The Dot Watch is the world’s first fully braille smartwatch to assist people with visual impairments. This assistive technology developed by Dot Inc. aims “to make the visually impaired get the necessary information more easily, conveniently, and quickly”. The watch features include notifying the user about who’s calling, relaying text messages to the watch face in braille, giving directions etc.
When you think about it there are hundreds of assistive technology devices for people who have visual impairment for example: screen readers, EnChroma color blind glasses, iBill and Sense Five just to name a few. What really sets the dot watch apart is that it lets the user feel the same emotions as everyone else while reading a text or getting a call from their loved ones. By letting the user read personal texts in their own space without informing everyone around them (like a screen reader without earphones would!) about the contents of the message, the dot watch affords the user his right to privacy, which in fact touches on the human rights model of disability.
Being a watch, the key feature of this product is to communicate the time. The dot watch allows the people with visual impairment to experience time in a completely new way “by themselves” (without sound). It not only tells the time but also gives direct access to all the pragmatic features that one might need throughout the day, including time & date, timer, alarm and stopwatch.
Since it is not just a standard but a “smart” watch, it also provides additional features like caller recognition, picking up/ declining calls, displaying notifications and navigation. Navigating through the busy streets of New York is not only challenging but also frustrating sometimes. As I go up and down the avenues looking at the maps on my smartphone to guide me through the chaos, I can’t help but wonder how difficult it would be for someone to find their way without this crucial piece of technology. Even though smartphones offer a whole range of navigational capabilities for people with visual impairment they are not accessible in loud surroundings (like the streets of New York City), subscribing it to the social model of disability. This is where the dot watch comes into play, it helps the people with visual impairment navigate their way through new places with ease, even if the streets get loud. It notifies the user about the bus/ subways timings directly from the apps or if the flight gate has been changed. The only catch here being that the watch depends on the apps to provide the most updated information.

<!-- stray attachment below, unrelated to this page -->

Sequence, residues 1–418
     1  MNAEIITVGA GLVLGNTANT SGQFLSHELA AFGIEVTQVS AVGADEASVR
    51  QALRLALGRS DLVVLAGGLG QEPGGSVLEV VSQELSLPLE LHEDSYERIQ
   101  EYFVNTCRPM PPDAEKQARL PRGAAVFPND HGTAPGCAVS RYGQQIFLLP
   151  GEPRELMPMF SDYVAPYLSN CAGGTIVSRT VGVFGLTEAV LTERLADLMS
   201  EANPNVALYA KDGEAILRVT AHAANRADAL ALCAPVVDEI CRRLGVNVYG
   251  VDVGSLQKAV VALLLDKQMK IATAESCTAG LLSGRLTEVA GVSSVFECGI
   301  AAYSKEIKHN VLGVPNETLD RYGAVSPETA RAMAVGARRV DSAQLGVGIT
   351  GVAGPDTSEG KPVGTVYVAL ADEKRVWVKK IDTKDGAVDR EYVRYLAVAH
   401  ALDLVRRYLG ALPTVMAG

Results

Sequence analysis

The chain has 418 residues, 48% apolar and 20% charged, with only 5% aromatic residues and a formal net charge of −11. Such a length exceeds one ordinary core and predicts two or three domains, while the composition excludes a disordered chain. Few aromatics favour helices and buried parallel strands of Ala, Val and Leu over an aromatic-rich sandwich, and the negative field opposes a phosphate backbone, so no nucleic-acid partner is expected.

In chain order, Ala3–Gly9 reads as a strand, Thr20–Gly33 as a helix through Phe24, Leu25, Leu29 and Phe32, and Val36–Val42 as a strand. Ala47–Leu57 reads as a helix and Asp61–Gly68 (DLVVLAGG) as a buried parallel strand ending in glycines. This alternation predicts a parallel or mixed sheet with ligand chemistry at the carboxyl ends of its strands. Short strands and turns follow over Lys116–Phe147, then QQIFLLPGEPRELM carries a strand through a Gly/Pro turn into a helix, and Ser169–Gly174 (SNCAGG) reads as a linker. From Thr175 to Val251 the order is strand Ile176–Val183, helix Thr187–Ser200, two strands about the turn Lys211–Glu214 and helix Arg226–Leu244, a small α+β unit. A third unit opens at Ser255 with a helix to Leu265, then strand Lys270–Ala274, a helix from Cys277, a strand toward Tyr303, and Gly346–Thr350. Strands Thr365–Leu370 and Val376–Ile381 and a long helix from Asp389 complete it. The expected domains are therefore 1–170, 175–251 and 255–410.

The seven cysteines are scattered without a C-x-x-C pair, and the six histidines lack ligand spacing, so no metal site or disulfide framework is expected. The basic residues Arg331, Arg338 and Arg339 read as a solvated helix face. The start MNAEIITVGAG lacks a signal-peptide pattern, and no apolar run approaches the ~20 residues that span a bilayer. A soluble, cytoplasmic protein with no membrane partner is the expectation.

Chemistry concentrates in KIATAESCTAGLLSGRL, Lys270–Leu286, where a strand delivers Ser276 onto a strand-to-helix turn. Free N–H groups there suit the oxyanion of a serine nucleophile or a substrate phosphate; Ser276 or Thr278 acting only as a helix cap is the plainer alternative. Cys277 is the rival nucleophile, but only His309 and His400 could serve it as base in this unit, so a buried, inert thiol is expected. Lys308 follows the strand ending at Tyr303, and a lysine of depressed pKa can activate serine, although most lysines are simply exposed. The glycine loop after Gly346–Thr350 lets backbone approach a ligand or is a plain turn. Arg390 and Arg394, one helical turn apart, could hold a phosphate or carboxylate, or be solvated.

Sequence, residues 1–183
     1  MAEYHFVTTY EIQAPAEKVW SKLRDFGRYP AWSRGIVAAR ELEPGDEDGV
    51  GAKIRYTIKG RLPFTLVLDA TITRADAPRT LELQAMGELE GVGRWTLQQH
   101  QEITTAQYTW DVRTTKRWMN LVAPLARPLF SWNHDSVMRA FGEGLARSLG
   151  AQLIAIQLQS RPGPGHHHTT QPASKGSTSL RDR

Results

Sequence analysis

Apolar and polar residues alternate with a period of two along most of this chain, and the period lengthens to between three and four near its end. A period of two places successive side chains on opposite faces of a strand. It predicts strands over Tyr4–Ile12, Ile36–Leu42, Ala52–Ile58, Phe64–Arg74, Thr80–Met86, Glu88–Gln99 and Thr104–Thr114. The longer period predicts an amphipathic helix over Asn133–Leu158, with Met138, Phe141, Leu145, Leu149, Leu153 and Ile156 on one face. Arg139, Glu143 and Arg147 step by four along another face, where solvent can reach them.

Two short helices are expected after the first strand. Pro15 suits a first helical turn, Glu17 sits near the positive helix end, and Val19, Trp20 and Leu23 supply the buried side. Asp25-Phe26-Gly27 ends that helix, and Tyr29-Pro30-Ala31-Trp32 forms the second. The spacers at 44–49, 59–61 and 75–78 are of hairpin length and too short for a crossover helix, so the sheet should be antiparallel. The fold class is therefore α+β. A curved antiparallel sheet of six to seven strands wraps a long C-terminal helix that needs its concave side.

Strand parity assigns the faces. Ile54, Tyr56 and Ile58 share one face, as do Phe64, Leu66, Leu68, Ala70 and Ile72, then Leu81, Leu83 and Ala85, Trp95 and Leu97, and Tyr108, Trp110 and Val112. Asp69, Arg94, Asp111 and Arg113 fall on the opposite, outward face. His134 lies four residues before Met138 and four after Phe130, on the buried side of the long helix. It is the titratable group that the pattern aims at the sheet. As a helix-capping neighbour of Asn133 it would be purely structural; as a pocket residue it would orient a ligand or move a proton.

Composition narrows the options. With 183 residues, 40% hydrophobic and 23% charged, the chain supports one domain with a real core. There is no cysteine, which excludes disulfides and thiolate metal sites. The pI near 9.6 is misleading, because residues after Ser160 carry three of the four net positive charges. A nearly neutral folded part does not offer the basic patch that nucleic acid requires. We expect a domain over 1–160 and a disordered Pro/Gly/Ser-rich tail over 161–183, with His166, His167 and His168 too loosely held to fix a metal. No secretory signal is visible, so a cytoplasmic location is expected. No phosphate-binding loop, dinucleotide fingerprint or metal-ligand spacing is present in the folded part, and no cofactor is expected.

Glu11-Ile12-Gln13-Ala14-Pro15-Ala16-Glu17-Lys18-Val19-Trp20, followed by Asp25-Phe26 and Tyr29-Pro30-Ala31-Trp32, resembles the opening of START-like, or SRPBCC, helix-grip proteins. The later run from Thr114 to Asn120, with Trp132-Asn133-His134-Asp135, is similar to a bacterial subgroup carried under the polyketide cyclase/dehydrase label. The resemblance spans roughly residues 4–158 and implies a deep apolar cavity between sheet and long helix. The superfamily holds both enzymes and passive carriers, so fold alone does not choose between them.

In addition to being “smart”, the dot watch also acts as a braille dictionary, which means that the user doesn’t need to memorize all the braille characters and contractions. All ADA signage requires grade 2 braille – which was introduced as a space saving alternative to original braille, making it difficult for many original braille readers to comply with. This ties into the social model of disability, because grade 2 braille is primarily distinguished by its space saving component. The dot watch overcomes this by providing a simple, intuitive and entertaining braille learning program for people willing to learn the language. In order to become a truly accessible product dot also offers a tactile mode which is “usable by people with the widest range of capabilities“. Some might advocate that this product also touches on the both the medical and functional solution models of disability as well, but I don’t completely agree with that as it is not just a specific piece of technology that address a very specific task, rather it addresses an array of problems that people with visual impairment face daily. That being said, the only thing that I feel would stop this product from being accessible to the users is affordability. The watch itself costs around $299, which can be a lot for some users considering there are cheaper alternatives with a screen reader available on the market.
In conclusion the dot watch is a brilliant piece of technology that can help people with visual impairment and fulfills accessibility characteristics like utility, usability and compatibility. It not only translates and relays messages in braille but also educates the user about the latest braille standards, reducing the cognitive load for the user to remember all the braille characters and contractions. All the while complying with the ADA guideline of using grade 2 braille. It strikes a perfect balance between aesthetics and functionality, and weighs only about 1 ounce(29 grams).